Due to the seventh day of Pesach falling out on Friday, for the next few weeks, Eretz Yisrael and Chutz La'aretz will be off a parshah. Since we are publishing from Eretz Yisrael, we will be following the order of the Parshiyos here. Please click here to read a Dvar Torah for this week's parshah in Chutz La'aretz. We will even out by Parshas Bechukosai.
This week, we read the double parshah of Tazria-Metzora, which the majority of deals with the halachos of Tzara’as; translated best into English as leprosy, though that is most likely not what it actually was. Tzara’as was a series of lesions that would appear on your skin, on your house, or on your clothes, when you committed one of a number of sins. The three most discussed reasons for getting Tzara’as are for speaking Lashon Hara, for acting haughty, and for having an extreme desire for money.
It was not so easy to tell that the lesions you saw were actually Tzara’as, you had to be well learned to know for sure. So when you suspected the appearance of Tzara’as, you had to go to the local Kohen to ask him to confirm; no one else was allowed to make this confirmation. The Sifsei Chachamim on Rashi in Vayikra 13:2 goes so far as to say that even if the Kohen is an Am Ha’aretz, an unlearned person, someone (a non-Kohen) must teach him the proper way to check, in order that the Kohen should be the one to officially announce the appearance and healing of the lesions.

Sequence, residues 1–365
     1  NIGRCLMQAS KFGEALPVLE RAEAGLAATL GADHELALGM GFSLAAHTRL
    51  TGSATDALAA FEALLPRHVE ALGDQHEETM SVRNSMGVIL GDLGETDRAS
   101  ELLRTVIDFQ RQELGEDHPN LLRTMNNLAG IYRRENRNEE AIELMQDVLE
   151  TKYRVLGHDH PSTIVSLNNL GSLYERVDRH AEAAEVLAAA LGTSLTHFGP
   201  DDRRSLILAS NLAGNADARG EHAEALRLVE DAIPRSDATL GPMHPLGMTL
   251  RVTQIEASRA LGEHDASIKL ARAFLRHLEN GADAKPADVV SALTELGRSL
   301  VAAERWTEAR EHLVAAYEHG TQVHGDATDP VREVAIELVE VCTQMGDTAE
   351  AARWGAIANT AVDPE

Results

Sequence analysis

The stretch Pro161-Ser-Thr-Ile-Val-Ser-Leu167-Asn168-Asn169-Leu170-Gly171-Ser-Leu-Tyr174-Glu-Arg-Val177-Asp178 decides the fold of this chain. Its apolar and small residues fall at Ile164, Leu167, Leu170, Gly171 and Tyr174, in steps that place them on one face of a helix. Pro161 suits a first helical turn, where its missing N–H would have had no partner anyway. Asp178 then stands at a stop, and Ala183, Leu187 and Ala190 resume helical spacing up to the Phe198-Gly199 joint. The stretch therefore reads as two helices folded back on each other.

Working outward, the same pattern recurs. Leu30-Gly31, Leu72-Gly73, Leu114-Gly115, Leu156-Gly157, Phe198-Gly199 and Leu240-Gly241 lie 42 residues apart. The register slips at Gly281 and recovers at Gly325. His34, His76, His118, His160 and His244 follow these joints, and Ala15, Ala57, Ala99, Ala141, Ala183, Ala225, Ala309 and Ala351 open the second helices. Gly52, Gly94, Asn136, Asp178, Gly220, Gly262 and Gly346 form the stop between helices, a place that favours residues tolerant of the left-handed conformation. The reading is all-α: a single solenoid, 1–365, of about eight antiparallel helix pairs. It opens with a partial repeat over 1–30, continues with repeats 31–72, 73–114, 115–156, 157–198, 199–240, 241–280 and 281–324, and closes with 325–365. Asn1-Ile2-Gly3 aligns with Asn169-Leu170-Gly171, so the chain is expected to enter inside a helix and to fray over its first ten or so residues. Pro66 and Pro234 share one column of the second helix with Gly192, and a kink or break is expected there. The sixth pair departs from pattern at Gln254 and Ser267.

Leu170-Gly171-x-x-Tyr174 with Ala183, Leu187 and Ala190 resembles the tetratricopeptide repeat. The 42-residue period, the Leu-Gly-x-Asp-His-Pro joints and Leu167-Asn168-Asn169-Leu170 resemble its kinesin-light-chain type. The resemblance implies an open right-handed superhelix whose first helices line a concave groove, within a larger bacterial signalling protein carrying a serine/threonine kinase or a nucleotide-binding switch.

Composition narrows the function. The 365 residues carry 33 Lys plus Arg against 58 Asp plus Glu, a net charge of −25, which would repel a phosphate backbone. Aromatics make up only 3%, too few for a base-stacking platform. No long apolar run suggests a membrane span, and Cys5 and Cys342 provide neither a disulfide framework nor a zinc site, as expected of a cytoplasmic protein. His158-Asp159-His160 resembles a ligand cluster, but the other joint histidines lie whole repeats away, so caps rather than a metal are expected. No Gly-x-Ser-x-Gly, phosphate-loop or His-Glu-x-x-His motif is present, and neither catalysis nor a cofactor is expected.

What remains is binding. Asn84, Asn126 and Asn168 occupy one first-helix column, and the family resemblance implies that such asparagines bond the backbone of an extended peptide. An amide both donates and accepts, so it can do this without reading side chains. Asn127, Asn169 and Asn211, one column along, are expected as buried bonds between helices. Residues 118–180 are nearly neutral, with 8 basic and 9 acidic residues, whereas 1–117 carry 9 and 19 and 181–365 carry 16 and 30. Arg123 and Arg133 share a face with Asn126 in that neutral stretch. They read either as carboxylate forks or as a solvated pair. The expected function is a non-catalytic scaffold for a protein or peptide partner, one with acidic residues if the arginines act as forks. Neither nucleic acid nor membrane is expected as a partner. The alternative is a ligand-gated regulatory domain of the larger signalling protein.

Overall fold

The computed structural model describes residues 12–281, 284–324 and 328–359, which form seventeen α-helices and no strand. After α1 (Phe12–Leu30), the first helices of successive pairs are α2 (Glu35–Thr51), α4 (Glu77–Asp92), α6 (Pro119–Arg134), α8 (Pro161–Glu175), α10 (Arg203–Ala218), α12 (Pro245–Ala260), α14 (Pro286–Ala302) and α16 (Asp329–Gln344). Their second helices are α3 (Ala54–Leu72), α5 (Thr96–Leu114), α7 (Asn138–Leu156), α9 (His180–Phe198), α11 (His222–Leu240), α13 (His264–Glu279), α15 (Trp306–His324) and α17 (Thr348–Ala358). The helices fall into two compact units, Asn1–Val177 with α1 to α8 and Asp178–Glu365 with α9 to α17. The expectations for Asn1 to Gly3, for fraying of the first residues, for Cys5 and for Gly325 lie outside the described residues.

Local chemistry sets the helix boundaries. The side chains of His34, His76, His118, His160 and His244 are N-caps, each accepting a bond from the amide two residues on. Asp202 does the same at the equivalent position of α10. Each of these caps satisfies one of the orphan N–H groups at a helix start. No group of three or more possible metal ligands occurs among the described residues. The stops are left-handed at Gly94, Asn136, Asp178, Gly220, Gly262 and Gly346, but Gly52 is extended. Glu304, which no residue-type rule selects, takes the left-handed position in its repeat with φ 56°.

What is the meaning behind this commitment to the Kohanim that they are the only ones who can confirm an appearance or mistaken appearance of Tzara’as?
The Kli Yakar explains that Kohen bloodlines are different from all others. Aharon, the original Kohen, encompassed three middos that were passed down to all his descendants. The first was his well-documented propensity for peace. Aharon HaKohen went to great lengths to make peace between spouses, family, and friends. Therefore, he is the perfect person to testify on a punishment for the sin of Lashon Hara, which is caused by hate. The second middah is that Aharon was known as a very humble person (see Shemos 16:8), the exact opposite of haughtiness.
Finally, Shevet Levi, of which the Kohanim are a part of, did not receive a portion in Eretz Yisrael with the other tribes. For the Kohanim, the only income they received was the Terumah donations of their neighbors and the meat of the korbanos for the few weeks they worked each year in the Beis Hamikdash. They exhibited the middah of taking what was given to them and not desiring more. What better person to discuss the desire for money with than someone who didn’t want it!
These middos personify the Kohanim, and are the reasons why they are the only ones who can discuss the punishment of Tzara’as. In many ways, Tzara’as is a gift. While it was embarrassing and inconvenient for those who got it, it allowed you the knowledge that you had done something wrong. While nowadays we have to rely on ourselves and the people around us (but more on ourselves) to tell us where we need to improve, in the days when we had Tzara’as, we could tell instantly when we needed to work on ourselves. It was a direct message from Hashem that we should do Teshuvah. How lucky we would be to have that same knowledge!
And what better person to deliver the message than someone who understands the evil of these particular sins, and whose family has fought through the generations to rid themselves of them. The Kohen is truly the right messenger to deliver this powerful and thankfully, clear message.
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